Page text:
Driving back from Rochester the other day I was trying to think up a good, but simple, chicken recipe.  Several came to mind, but when I got home, I thought I would check a few cookbooks to augment my thinking. 

Several intrigued me, but the one that I chose came from "The Silver Palate Cookbook".  What struck me was the clever use of mushrooms with the chicken breasts. 

I pretty much stuck to the recipe (unusual for me!) and served the dish with sauteed spinach with shallots, and a baked potato. Turned out pretty good, especially the wild mushrooms.

   serves 6

1 cup lower sodium chicken stock
1 ounce dried mushrooms - I used 1/2 ounce morels and 1/2 ounce chanterelles
1/2 pound fresh wild mushrooms (Wegman's has a good blend of different wild mushrooms already    sliced and packaged)
4 tablespoons sweet unsalted butter
1/4 cup finely chopped shallots
salt and pepper to taste
1/3 cup Port wine
1/3 cup heavy cream
3 boneless chicken breasts, skinned and halved

Before reconstituting the dried mushrooms, be sure to rinse them in cold water to remove any dirt.  Then bring the chicken stock to a boil and pour it over the dried mushrooms in a bowl.  Let stand for 2 hours.

Preheat the oven to 325 degrees.

Melt the butter in a skillet and then gently saute the shallots.  You want them to soften, but not to brown.  This will take about 5 minutes.

Drain the dried reconstituted mushrooms, but save the liquid.  You will use it shortly.  Chop up the reconstituted mushrooms and add those along with the fresh mushrooms to the shallots and butter mixture in the skillet.  Saute this mixture for about 10 minutes.  Saeson with salt and pepper.

Add the reserved mushroom soaking liquid, along with the Port wine and heavy cream.  Simmer this mixture for about 15-20 minutes until it thickens slightly and the liquid has been reduced by about a third to half.  This will intensify the flavors.

Spoon the mushroom mixture into the bottom of a shallow baking dish that has been sprayed with PAM to minimize sticking.  Place the chicken breasts on top of the mushrooms, cover, and bake until finished.  Depending on the thickness of the chicken breast, this will take anywhere from 30 - 50 minutes as you are cooking at a relatively low oven temperature.  Check the chicken with a meat thermometer.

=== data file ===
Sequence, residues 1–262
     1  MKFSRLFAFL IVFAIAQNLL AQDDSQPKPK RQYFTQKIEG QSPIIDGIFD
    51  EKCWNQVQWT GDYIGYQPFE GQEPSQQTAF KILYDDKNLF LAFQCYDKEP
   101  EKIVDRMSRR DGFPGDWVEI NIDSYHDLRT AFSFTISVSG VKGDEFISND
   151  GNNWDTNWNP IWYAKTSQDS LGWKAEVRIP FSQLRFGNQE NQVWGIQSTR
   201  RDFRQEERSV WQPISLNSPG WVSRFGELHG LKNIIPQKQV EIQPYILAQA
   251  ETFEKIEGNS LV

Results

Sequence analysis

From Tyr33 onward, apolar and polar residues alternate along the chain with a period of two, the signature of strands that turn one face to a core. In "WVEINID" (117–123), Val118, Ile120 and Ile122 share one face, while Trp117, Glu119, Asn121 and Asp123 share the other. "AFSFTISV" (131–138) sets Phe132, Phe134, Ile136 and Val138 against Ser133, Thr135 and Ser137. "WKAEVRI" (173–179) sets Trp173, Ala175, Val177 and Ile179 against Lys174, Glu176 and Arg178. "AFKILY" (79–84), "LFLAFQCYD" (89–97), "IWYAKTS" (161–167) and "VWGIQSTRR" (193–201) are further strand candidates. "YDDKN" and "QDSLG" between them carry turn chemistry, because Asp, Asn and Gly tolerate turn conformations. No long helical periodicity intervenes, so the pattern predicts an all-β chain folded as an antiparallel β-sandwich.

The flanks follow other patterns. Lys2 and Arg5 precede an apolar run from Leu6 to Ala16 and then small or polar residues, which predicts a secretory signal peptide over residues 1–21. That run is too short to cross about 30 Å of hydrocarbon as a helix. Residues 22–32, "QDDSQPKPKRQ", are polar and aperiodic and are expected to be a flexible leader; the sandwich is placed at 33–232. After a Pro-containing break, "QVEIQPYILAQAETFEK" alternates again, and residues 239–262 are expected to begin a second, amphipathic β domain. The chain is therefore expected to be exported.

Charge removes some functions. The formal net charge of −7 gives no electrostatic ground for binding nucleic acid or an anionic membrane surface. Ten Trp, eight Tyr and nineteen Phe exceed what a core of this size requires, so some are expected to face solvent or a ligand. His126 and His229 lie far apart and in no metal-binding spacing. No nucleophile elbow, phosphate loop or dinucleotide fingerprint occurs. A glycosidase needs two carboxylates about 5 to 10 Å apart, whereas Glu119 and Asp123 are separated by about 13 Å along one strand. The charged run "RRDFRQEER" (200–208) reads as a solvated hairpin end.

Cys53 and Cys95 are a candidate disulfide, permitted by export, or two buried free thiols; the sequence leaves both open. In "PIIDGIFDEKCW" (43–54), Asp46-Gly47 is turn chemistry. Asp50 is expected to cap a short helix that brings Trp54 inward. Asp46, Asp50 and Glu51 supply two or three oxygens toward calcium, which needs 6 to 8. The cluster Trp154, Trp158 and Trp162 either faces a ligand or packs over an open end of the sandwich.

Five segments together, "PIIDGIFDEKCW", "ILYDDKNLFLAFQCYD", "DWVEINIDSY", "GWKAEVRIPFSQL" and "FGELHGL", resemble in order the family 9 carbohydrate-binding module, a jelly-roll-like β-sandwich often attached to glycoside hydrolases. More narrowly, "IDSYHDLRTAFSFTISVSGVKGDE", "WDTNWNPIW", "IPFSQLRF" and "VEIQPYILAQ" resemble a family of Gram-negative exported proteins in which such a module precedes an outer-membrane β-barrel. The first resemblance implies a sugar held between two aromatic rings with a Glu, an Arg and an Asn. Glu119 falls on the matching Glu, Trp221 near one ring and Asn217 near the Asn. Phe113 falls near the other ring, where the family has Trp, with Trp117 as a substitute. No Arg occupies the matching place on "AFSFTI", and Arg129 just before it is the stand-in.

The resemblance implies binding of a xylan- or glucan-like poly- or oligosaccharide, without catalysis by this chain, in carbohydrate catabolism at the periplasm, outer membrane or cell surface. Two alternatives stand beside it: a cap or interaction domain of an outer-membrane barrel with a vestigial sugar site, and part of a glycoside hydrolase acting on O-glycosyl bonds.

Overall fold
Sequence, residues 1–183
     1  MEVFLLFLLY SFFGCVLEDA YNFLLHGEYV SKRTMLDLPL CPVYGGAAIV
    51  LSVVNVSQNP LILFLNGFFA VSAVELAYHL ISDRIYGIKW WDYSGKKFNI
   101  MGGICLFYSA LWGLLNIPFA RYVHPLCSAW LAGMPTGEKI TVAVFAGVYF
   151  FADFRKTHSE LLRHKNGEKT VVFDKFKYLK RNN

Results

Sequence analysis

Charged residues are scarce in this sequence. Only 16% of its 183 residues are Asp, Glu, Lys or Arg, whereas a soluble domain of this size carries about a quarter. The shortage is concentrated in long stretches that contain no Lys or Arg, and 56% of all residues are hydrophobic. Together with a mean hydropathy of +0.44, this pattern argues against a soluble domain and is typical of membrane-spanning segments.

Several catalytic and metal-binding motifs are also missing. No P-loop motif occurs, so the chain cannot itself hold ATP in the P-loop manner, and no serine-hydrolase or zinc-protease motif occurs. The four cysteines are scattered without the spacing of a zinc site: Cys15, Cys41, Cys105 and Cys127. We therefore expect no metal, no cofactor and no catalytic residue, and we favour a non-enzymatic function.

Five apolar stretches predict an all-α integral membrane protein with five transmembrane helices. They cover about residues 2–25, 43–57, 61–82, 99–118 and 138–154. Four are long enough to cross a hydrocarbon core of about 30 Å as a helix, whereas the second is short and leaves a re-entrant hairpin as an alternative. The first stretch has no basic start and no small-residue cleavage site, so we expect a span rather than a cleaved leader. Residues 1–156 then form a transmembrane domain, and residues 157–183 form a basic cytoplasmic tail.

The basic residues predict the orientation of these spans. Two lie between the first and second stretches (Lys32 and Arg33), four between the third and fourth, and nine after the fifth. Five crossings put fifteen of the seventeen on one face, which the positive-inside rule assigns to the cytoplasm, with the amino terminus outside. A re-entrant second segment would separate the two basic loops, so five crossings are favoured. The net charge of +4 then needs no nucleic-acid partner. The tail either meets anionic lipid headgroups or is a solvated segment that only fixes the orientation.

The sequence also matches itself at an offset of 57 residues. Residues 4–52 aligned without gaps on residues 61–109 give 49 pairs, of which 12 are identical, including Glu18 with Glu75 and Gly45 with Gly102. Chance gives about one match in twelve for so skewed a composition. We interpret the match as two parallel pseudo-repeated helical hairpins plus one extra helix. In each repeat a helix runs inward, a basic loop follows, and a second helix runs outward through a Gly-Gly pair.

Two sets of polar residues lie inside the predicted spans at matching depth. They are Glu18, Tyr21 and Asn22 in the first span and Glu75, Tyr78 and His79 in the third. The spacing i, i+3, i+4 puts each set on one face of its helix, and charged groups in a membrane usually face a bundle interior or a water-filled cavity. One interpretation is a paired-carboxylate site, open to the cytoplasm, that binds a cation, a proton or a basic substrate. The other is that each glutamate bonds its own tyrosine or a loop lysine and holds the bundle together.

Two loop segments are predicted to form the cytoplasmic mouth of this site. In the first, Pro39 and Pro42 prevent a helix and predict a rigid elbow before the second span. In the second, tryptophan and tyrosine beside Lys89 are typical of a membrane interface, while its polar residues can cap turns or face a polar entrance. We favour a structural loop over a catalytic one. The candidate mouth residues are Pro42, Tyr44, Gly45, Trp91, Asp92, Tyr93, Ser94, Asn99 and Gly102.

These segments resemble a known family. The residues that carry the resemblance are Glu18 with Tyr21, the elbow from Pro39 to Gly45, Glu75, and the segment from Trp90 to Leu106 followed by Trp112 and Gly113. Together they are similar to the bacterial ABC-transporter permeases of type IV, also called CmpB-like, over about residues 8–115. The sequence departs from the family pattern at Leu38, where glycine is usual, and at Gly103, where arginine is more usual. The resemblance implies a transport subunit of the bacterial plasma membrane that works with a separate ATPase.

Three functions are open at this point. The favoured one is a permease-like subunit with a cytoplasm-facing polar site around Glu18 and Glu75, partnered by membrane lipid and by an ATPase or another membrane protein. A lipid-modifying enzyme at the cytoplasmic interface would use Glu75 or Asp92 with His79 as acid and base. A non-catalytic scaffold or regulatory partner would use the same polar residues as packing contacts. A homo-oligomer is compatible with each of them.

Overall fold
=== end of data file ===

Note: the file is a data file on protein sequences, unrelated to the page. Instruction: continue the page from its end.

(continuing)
Chef Tom's note:  Here is where I would deviate from the recipe if I was making this again, which I probably will!  I think I would brown the chicken in a skillet prior to putting it on the mushroom mixture.  The baked chicken does come out looking a little anemic.  So if for no other reason than appearance, I would brown the outside a bit.  Also it will speed up the overall cooking time in the oven.

To make the sauteed spinach I used fresh spinach.  I had about 1/8 cup of shallots left over, so I decided to use them in the spinach.  I sauteed them in about a tablespoon of butter for 4 minutes in a small skillet.  Then I added the fresh spinach carefully, and cooked it down with the cover on the skillet.  I stirred the mixture a couple of times while cooking and added some salt and pepper to taste.  Cooking spinach to a wilt only takes a few minutes, so watch carefully.

The chicken is good, but what really makes this meal are the mushrooms.  I might even find other uses for them with other meats and poultry they were that good.

Thursday, January 20, 2011

Happy 2nd Anniversary, Feast Everyday

Sorry for the long absence.  We were away for the holidays, then I got sick with a massive head cold over New Year's and have been struggling to get back to normal ever since.  

In the meantime, Feast Everyday passed its second anniversary, can you believe it?  I can't. 

Tom has been doing the cooking while I have been sick and he has done a great job!!!   So, he has several recipes that he'd like to share. 

Tomorrow he is going to write about Chicken Breasts on a Bed of Wild Mushrooms.